2001 Michael Shaara Award for Best Civil War Fiction
Synopses & Reviews
A powerful yet intimate novel of the Civil War on the home and battle fronts, The Wolf Pit
offers a gripping portrait of two young Virginians forever altered by the violence and. uncertainty of national unrest.
Robin, a young Confederate soldier, battles from a valley of blood to a burning wilderness to labyrinthine trenches. He clings despite the slaughter of friends and the shattering of illusions to what gives him strength, to the beautiful and the uncanny: psalms, pictures of loved ones, and an old tale about a pair of mysterious, green-hued children found in a wolf pit. These he carries with him inside the very palisades of hell, the Elmira prison camp.
Agate, the daughter of a hired-out slave, embraces the forbidden teachings of her mistress, Miss Fanny. But the images she has fashioned for herself shatter when she deeply offends her owner, Young Master, who carries out a swift and cruel punishment. At the Williams Home Place, Agate learns the meaning of her mother's cautionary tales as she struggles to survive loss and degradation and to pit knowledge and truth against evil.
By turns eloquent and harrowing, The Wolf Pit explores the will to endure in the face of seemingly insurmountable odds, and the personal toils exacted during this chaotic period in U.S. history.
"Marly Youmans, author of the powerful novel
Catherwood, has just produced a brilliant new novel
called The Wolf Pit in which two characters who never
meet play out their lives against the violence and
sundering of the war between our states. The Wolf Pit
is so completely envisioned, so nearly tactile in its
detail, so near to what the thing itself must have
been like, that it appears to have sprung, full-blown,
from the authors brow....The best scenes in the book are possibly the worst:
the remarkable battle scenes, the slavemasters
cruelty, a pair of wolves trapped in a
pit. But the whole book is remarkable for its
backsight and its controlled and terrible emotion. The
Wolf Pit will rest easily on the shelf beside other
great Civil War novels. Its by Marly Youmans and
published by Farrar Straus & Giroux." Erica Eisdorfer, WUNC Public Radio, Chapel Hill, NC
"The novel's many dramatic and traumatic events will keep the reader breathless, while the haunting lyrical language and the fierce intelligence behind it reminds us we are reading a writer and storyteller of the first order." Publishers Weekly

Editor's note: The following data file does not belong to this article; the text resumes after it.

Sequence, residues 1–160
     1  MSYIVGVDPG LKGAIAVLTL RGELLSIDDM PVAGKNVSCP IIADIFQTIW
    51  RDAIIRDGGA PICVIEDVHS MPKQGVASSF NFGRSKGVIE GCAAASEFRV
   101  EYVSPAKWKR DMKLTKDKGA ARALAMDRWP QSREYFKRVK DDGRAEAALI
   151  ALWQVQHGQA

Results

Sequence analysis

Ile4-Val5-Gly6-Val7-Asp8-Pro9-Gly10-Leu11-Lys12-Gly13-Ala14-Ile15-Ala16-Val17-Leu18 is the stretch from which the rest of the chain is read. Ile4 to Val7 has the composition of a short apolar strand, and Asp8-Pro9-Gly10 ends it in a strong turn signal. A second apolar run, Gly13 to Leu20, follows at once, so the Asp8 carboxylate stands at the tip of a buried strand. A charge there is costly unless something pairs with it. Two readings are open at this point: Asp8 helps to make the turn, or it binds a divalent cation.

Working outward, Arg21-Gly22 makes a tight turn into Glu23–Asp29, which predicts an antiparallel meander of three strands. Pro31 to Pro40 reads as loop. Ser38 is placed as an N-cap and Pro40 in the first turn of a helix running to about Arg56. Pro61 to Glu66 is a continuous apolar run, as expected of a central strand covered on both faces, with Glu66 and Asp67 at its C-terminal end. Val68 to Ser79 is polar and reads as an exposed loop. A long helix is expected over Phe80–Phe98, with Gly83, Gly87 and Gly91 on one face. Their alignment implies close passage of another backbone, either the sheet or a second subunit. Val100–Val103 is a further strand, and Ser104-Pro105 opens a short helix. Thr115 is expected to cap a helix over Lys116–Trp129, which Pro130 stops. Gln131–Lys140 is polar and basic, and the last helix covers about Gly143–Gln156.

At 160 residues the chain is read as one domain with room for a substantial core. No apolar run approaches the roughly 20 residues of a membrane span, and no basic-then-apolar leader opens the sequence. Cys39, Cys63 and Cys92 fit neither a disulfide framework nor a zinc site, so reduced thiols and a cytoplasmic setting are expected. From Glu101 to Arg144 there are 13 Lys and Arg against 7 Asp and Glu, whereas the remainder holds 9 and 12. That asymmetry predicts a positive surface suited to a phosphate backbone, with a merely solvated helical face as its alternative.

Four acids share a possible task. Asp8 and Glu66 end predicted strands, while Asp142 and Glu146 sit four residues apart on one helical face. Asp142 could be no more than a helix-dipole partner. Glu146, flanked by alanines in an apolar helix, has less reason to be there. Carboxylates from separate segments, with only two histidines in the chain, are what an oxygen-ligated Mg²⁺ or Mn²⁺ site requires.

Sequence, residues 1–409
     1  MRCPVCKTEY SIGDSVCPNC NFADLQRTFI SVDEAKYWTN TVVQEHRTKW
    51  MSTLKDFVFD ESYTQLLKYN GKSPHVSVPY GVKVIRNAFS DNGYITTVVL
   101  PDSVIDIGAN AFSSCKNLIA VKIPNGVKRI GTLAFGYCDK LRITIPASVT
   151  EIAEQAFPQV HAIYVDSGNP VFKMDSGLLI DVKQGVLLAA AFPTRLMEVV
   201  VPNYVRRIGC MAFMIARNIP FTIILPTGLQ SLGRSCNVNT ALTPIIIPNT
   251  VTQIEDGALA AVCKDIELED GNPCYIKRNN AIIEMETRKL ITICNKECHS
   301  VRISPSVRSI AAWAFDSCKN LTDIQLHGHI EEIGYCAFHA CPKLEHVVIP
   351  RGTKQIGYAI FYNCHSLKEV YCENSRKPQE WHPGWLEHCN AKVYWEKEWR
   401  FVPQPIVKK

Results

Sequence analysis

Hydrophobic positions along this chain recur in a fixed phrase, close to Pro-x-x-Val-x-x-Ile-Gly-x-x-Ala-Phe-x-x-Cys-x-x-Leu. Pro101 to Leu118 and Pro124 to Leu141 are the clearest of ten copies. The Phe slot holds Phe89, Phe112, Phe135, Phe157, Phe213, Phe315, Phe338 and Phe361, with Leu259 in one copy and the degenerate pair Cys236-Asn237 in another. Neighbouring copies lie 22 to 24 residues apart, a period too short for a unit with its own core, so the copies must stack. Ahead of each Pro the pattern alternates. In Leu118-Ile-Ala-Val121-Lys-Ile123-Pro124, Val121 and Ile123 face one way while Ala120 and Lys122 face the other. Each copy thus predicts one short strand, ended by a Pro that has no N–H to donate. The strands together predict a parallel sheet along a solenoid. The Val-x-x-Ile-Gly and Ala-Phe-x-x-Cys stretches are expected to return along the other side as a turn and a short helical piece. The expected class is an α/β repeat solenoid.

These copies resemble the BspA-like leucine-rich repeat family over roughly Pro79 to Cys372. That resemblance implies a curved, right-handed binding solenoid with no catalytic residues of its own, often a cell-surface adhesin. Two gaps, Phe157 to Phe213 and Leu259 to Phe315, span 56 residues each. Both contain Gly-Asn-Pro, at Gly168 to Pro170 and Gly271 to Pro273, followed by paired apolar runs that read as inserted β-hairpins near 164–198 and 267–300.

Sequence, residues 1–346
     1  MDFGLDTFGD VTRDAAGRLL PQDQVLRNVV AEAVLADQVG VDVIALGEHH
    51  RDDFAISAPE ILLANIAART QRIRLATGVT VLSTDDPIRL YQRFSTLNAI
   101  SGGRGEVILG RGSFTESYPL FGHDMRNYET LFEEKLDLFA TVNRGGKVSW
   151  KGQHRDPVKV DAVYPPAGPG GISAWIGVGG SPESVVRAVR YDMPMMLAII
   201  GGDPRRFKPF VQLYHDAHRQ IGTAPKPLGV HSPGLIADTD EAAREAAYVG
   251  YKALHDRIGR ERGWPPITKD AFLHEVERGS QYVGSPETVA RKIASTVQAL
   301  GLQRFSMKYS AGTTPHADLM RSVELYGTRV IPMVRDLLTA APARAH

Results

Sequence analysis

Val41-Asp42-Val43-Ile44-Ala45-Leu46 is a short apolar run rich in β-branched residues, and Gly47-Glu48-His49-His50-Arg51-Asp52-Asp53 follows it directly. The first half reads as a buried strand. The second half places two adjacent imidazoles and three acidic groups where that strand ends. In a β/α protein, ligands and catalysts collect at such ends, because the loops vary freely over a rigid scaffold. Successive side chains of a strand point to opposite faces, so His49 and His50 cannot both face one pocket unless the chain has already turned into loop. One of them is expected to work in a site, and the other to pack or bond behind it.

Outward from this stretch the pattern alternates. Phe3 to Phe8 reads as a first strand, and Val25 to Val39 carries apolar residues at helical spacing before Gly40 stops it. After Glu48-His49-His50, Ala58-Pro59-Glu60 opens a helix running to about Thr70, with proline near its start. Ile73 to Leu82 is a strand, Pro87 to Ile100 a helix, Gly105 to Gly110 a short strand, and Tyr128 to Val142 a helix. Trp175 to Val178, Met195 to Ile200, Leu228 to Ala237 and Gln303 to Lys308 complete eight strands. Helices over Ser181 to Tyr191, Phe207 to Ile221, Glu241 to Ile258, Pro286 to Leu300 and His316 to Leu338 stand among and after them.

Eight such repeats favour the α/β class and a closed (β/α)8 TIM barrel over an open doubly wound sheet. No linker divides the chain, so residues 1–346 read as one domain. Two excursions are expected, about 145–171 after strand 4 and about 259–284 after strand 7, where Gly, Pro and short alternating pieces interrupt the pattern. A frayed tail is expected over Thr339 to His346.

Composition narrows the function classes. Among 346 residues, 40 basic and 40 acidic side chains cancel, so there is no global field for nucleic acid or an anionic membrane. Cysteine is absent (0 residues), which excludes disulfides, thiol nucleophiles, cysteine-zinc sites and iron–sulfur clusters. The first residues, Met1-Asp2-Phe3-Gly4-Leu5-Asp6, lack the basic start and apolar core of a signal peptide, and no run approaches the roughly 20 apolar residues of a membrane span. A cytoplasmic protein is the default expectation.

"This book shouldnt work. Its all wrong. It
starts near the end, jumps to the middle and
works its way back to the end again. Its told
in several voices, much of it in past tense. Its a
period piece, set during the Civil War, yet it
also contains a book within a book, a fantasy
story about two green children.
But it does work, and work well, because Youmans is a sound writer and
plotter who can find the lyric in everyday observations and track the thread of
the mystic in the lives of her characters.
Youmans makes her language sing. She is as adept at capturing the horror and
carnage of war as the quiet and solemn beauty of the Shenandoah Valley in
early autumn. Her two main characters, Robin and Agate, take over the tale
early and stake out territory in the readers heart. Their voices are as real and
immediate as a family members.
Youmans is not afraid to use her characters to make a point, to show how
awful slavery really was, how dehumanizing war can be and how devastating
the loss of a loved one is. The book is filled with symbols, not the least of
which are the green children and the wolf pit, representing the eternal mystery
of self identity and the harsh reality of physical existence. Despite the terrible
things they endure, Youmans characters retain a rich spiritual life, a mystic
connection with the past and future that sustains them.
The Wolf Pit can be read on many levels. It is a layered story full of subplots
and subtle meanings. More than a war tale, more than a historical novel,
Youmans book is a morality tale with a timeless relevance. Greg Langley, the Advocate Online
About the Author
recently moved from the Carolinas to Cooperstown, New York, where she lives with her husband and three children. Her previous books are Catherwood
(FSG, 1996) and Little Jordon